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How can I add to my fuse block. I want to add accesories and I do not want to go to the battery. All off the extra plug ins are being used. Any good ideas. Thanks in advance. Edd
 

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Discussion Starter #3
Thank you Coppertop. Even I can understand that. It is going to be a lot easier than I figured it would be to get extra electricty.
Edd
 

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Another thing you might try is run a hot lead from the horn relay post to a aux fuse block. Probably can find one at radio shack

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Philip Mullaly
72 TPI El Camino
An Oldsmobile is a Chevy with lock-washers(and more torque)
 

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Philip,

There's one problem with running to the horn relay, it's "hot" all of the time, even with the car off. Most people want switched accessories so they turn off when the car is not running to prevent battery run-down.

Joe

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Creator of Team Chevelle's RADIO TECH for original audio questions and answers
 

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Hi Coppertop,
I read both of these post on the aux fuse block, and I was thinking, can't you run the main feed from the horn relay, to the relay in your diagram?

That way it's switched, but your not having to run a long wire to the battery.

And if you did, you'd still need an inline fuse? correct?

Thanks for diagram. Makes it much easier to understand.



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Rick
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Rick,

I suppose you could run to the horn relay, but remember, the horn relay junction is ALWAYS hot, it is not switched.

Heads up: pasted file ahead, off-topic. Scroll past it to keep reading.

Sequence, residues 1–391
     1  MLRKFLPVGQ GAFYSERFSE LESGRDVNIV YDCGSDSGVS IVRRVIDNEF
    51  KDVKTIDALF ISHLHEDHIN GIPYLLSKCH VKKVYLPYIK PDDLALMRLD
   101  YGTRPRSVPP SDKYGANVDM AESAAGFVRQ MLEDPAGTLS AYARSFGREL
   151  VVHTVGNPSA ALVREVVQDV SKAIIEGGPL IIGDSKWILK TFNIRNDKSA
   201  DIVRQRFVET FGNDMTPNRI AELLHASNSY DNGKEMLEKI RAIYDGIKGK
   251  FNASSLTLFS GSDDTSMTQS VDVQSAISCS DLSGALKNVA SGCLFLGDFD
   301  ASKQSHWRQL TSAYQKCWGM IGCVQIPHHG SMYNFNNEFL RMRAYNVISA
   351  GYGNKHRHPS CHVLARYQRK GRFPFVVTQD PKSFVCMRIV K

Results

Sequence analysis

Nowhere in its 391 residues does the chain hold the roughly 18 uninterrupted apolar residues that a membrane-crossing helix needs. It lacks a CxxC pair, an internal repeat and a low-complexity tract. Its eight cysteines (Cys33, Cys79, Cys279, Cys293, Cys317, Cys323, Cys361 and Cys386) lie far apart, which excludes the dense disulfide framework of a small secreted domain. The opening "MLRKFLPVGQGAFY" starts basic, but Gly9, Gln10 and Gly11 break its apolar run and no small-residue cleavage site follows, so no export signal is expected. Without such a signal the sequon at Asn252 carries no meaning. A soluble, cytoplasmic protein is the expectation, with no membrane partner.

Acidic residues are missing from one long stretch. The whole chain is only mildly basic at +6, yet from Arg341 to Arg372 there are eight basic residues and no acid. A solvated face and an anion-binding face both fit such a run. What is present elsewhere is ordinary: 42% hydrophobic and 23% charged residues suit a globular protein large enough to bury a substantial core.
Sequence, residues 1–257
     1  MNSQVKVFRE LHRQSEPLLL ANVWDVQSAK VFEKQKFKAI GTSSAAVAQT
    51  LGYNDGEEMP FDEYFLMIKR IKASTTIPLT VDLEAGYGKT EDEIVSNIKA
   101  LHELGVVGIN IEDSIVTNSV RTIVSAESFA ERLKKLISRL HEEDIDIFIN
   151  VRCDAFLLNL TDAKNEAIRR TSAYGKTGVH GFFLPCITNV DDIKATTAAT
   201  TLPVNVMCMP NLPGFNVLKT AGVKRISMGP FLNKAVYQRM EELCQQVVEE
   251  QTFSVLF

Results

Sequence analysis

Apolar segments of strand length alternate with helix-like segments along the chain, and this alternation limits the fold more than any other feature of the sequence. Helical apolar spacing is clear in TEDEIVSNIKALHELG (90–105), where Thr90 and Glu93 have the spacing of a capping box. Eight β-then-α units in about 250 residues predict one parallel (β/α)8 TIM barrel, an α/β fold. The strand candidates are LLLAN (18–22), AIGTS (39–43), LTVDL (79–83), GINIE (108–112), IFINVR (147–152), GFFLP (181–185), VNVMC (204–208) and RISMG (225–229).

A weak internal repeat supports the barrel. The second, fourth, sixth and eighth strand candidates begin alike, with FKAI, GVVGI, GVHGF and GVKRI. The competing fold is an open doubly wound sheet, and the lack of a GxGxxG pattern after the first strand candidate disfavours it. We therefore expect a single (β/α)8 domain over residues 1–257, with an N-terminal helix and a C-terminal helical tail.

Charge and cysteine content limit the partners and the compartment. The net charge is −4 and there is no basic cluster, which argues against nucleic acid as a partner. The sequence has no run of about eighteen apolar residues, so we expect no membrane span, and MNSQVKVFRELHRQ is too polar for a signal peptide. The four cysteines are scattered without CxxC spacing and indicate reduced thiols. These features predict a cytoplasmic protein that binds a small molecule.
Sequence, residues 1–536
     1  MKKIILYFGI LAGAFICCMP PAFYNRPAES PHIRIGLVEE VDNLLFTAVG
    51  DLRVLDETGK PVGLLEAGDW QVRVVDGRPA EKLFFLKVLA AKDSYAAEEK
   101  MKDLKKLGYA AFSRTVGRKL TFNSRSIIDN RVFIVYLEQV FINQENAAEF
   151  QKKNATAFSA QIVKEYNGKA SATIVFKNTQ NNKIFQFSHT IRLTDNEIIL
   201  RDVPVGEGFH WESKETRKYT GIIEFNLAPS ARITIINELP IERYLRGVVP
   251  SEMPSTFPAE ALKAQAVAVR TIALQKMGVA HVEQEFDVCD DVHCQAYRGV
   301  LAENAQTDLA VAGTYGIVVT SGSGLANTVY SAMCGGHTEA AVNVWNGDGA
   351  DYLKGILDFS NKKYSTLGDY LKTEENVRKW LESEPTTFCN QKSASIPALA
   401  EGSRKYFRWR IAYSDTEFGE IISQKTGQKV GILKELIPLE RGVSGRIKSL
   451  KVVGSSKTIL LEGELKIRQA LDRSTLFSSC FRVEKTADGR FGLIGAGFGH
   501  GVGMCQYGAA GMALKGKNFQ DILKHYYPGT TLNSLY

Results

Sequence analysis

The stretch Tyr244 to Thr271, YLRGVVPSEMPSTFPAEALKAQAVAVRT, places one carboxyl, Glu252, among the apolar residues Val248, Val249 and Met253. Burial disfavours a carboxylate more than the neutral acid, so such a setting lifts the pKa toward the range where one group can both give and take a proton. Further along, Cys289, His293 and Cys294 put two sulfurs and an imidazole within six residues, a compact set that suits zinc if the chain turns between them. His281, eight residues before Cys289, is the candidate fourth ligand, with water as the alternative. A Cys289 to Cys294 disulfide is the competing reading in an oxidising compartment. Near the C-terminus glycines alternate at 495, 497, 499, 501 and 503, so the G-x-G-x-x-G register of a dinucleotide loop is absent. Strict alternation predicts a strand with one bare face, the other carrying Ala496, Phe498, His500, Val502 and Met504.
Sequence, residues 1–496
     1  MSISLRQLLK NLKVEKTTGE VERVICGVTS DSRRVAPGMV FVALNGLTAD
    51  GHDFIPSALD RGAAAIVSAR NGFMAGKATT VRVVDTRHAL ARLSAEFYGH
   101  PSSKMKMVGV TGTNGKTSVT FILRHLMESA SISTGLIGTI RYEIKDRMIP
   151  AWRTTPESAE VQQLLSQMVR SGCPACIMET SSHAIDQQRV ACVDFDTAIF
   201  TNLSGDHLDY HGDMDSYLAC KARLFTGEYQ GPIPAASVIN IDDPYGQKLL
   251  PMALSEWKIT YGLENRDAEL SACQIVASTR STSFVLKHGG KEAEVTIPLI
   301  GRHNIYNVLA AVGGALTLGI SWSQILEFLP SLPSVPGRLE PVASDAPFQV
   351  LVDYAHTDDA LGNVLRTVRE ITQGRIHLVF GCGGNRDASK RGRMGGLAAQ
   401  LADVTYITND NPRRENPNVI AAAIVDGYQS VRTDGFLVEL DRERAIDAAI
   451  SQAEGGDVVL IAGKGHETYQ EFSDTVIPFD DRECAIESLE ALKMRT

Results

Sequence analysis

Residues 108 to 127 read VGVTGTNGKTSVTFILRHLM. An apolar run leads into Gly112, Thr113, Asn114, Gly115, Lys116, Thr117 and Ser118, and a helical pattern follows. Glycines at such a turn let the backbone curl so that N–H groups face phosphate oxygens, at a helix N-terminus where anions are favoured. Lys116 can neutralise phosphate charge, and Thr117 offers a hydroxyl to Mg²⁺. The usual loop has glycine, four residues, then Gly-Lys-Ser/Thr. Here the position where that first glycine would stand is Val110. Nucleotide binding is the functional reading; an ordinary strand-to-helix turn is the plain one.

Yes, always use a fuse, even if it seems redudant. The only protection the horn relay circuit that feeds a lot of the car is the fusible link found off of the (+)terminal of the battery. It takes a lot of juice for this to melt so install a fuse on "add on lines".

Now, I stated in my original post (and about every other post) to run things right to the battery. Here's why:

1) As well made as vintage iron is, GM still was "cheating" a bit and under-sized some wires. The horn relay is already bogged-down with enough current draw--the more factory options you have, the more heavily this junction is taxed with current.

2) Age comes into play. 30+ years makes wiring/junctions/splices weak and corroded. Something that is connected so-so will definely crap-out under more load.

3) Troubleshooting. Much easier when you have your "own" wires to suspect or rule-out. When you combine factory and add-ons, it can be a tough call on what went wrong if something major would happen--i.e. whole vehicle goes dead.

That's why I suggest battery (+) terminal add-ons. Use a fuse though! Dead shorts off the battery are devistating to electrical systems. Also when you use the battery terminal you know you have the "best" connection possible (if you made tight connector connections and used a CLEAN battery terminal). Your new circuit has power without splice, after splice, after junction, etc.

Hope this helps.

Joe



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Discussion Starter #8
Thank you mister Top, or is it ok to call you copper. Just a jokin. I am looking forward to Sat. so I can build one of the devices you diagramed. I usually shy away from electricity. You are one of the people that make this a great site watch. Thanks again Edd
 

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Painless Wiring makes several fuse blocks with both switched and constantly hot terminals that are fused. You can get them through "Jegs" if you get the part number of the one you want from Painless Wiring and save some money.

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Redrum (or Mike)
68 Corvette - 383 CI 427 HP
69 SS Chevelle being updated to Pro-Touring
97 Z-28
 
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